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Making the most of community and connections in retirement

Our Engaged Lives project is a drive to build stronger communities and connections for ExtraCare residents.

Funded by the National Lottery, we have been bringing residents together into small peer-support groups. Here, residents explore a range of topics that support more “engaged lives” in older age – lives of immersive, purposeful activity. Over six weeks, those attending find ways to help each other and discuss themes like Keeping Mobile, Building Resilience, Positive Ageing and Giving Back.

Here Rachel Stephens, 86, discusses taking part in a group in Bournville Gardens, and what it brought to her experience as an ExtraCare resident.

What expectations did you have before joining our Engaged Lives group?

Really, I came along to check how well my mind was working. I’m interested in current affairs, and I love discussions, so I attended to help me stay mentally agile and engaged.

Do you find being around other people is a good way to do that?

Absolutely, that’s been my life. I’ve travelled a lot around the world. I’ve been a teacher and worked in international affairs and development. I taught in Ghana for 6 years. It’s all made me aware of and appreciate so much that I wouldn’t have otherwise.

How do you find the community here?

We have such a fantastic community here. The things people have done, in their working life! We have glider pilots, people who’ve migrated here from the Caribbean, Australia, Japan. All sorts!

Making the most of community and connections in retirement

Rachel Stevens, ExtraCare Resident

Casting your mind back to our “Engaged Lives” group, we had a real variety of people there too – residents from varied backgrounds and different obstacles to staying connected. What did you find most valuable talking with these people about how to sustain community in older age?

Firstly, it made me appreciate the different backgrounds that people living here have come from and the different reasons why it can be challenging to join a large community. I’ve reflected on that, and it really makes me appreciate the folk who are here and how some people struggle in ways that I don’t know anything about. You don’t often find a group with so many differences coming together like that and able to talk openly about their feelings and their challenges.

We spent a lot of time talking about the challenges people face to staying engaged and connected. Did hearing about other’s experiences of these help you feel closer to them?

I’d say instead that I appreciate them more. I appreciate how they’ve struggled and come through. I didn’t know some people in the group at all. But now we’ve been able to talk, it feels like a new group of friends who I’m more comfortable speaking with.

It’s much easier to go up and talk when you know a bit about people’s lives. They’re no longer just people with specific issues and labels, but people with a story I can understand. Learning to value what’s around us – people’s experiences and potential – that’s what was great about the group.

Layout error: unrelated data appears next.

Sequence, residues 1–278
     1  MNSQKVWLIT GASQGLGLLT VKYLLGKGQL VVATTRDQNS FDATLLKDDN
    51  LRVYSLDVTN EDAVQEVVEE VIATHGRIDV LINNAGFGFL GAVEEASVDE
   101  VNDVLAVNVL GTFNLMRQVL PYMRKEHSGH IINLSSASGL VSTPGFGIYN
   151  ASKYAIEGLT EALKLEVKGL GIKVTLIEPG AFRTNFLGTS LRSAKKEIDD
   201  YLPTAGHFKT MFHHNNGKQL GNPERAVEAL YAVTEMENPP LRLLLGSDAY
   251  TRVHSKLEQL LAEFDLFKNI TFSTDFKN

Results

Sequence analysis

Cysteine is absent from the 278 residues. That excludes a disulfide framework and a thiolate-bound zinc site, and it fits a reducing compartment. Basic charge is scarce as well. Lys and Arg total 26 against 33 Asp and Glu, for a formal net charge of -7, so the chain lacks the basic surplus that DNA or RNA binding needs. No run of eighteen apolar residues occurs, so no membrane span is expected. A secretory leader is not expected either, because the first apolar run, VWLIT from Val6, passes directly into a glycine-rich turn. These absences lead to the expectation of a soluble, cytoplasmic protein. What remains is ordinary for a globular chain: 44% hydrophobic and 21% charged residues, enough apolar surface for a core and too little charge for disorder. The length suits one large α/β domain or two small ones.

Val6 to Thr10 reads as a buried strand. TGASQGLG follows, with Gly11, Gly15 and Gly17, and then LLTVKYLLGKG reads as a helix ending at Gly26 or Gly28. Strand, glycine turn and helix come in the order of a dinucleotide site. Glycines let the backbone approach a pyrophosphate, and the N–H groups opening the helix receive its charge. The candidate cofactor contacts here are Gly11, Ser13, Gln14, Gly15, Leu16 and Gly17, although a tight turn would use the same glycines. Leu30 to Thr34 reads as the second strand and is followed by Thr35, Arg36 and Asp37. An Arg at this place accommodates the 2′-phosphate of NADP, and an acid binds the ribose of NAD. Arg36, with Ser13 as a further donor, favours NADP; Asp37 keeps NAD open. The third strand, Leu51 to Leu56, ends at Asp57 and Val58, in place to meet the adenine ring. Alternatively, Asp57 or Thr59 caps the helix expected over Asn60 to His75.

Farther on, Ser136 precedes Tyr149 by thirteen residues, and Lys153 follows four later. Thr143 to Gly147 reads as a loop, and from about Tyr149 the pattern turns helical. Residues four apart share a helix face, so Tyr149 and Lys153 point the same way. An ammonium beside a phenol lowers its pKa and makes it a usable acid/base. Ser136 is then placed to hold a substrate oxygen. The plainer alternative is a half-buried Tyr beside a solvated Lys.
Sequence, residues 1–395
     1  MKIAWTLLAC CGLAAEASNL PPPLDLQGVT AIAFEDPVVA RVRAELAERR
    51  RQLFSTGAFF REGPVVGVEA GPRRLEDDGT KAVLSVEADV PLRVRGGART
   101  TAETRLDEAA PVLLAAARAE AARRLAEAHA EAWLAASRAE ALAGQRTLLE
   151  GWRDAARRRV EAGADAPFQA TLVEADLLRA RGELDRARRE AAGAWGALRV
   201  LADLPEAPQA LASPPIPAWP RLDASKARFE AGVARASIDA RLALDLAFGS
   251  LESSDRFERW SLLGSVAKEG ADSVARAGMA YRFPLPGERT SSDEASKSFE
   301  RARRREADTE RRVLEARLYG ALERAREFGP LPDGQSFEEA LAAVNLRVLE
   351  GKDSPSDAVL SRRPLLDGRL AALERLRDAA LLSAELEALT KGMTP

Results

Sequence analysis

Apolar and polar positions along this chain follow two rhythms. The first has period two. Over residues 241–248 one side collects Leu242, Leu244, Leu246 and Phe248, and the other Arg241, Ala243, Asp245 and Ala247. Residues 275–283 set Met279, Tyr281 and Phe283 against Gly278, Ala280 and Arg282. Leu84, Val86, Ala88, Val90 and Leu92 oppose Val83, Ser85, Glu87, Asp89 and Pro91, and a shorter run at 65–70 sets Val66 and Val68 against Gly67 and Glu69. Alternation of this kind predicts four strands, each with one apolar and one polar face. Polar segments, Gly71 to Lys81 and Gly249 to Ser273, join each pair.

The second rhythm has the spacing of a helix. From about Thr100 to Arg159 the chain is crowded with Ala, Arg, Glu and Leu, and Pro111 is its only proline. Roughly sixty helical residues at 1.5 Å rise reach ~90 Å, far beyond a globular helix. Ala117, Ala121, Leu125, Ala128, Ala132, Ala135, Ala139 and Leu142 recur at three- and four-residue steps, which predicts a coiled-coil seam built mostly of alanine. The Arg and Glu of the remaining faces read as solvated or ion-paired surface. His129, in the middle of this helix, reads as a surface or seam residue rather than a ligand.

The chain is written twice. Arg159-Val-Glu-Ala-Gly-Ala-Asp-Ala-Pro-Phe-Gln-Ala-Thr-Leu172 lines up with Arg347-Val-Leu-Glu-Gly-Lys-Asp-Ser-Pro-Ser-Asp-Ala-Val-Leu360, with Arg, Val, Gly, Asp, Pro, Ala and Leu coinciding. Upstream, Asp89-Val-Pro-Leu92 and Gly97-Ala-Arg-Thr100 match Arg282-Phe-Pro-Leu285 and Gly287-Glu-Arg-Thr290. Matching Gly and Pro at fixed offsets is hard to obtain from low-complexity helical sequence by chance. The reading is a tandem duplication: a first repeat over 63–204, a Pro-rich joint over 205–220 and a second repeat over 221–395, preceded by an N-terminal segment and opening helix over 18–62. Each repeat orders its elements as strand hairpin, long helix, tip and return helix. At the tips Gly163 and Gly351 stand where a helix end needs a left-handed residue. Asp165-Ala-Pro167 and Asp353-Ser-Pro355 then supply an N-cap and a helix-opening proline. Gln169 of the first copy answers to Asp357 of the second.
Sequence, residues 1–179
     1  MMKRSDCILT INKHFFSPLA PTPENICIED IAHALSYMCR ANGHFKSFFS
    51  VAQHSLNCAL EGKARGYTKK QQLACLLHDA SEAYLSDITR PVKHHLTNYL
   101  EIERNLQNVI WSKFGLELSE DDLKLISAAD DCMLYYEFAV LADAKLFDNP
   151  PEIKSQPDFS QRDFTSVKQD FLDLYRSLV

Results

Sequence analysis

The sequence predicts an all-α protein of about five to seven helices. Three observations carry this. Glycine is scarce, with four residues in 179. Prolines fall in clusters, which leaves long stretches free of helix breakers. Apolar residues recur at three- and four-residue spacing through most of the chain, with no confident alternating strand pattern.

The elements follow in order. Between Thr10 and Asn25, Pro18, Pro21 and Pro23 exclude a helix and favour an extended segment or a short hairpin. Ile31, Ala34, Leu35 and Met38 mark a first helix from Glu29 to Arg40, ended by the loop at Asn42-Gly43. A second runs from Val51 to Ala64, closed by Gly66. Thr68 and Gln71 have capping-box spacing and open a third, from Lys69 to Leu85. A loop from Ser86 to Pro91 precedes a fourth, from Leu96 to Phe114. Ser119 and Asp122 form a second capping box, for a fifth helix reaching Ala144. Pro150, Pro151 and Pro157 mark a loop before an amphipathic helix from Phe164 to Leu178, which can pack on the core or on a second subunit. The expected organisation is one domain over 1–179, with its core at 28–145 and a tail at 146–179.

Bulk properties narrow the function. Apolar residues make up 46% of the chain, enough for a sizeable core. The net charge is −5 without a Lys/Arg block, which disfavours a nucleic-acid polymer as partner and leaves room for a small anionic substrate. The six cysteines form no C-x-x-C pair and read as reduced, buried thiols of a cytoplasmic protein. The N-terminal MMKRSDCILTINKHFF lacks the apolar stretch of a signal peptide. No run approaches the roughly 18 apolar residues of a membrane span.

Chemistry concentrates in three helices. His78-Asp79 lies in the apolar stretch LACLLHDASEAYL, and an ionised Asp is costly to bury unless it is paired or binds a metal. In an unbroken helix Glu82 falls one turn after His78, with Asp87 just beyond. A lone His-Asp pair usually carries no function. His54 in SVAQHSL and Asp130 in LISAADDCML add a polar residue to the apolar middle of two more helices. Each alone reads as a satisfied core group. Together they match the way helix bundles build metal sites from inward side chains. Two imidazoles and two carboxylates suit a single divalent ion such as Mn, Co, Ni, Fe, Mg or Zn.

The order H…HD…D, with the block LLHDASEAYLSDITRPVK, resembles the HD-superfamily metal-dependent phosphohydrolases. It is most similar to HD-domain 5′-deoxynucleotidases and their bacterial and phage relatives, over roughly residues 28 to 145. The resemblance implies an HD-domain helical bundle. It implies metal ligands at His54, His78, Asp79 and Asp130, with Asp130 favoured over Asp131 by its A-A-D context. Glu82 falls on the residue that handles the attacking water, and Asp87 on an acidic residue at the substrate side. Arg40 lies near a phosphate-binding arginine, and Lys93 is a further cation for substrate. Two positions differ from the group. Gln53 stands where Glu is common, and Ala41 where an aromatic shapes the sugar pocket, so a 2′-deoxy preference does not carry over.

Each week we discussed a different topic to help us stay connected. For example, we spent a week exploring how we could help ourselves and each other to stay more “resilient” in older age. Did any of those topics stand out as particularly useful?

When we discussed resilience, I realized that I didn’t have a lot of adversity in my life. Good things seemed to happen! I got a scholarship early in life, which opened things that might not have been possible otherwise. But thanks to hearing people’s stories in the group, I realize that some have it tough right from the early years. It made me realize how sometimes it’s possible for me to underestimate what someone I’m meeting has achieved, because they’ve come from a very different baseline, and they’ve had to make life the way it is for them now.

Did being in the group change your behaviours at all? Or the way you think about community?

It’s made me more willing to sit and chat with people in the village that I don’t know well, especially people on their own. I don’t necessarily think we’ll form great friendships, but we’ll appreciate each other and that’s important. Getting to know people in the village is crucial. I’ve always tried to do some of that, but I don’t feel that I must talk to everyone, because my range of interests and conversation is not the ordinary one!

What kind of people would you recommend the Engaged Lives group to?

It’s great for people who want more tools to help them sustain relationships and interests into older age, especially single people. I’ve discussed the sessions with another lady from the group – we’re both grateful for what we’ve learnt and now it’s up to us to put it into action!

I’d also recommend the group to people who want to learn a bit about themselves. We were able to help each other identify the fact that we were all already very competent, in our own ways. We all lose things as we get older, though we talked about how we can retain as much as possible that’s important to us, find different ways of getting to know people, and appreciate that everyone is going the same way in the process of ageing – you don’t generally talk about that to the average person.


Steps to Connection

Older people across the country can now benefit from a book, based on our Engaged Lives groups. Developed as part of ExtraCare’s response to the coronavirus pandemic, Steps to Connection is an interactive, step-by-step guide to finding greater community for those aged 55+.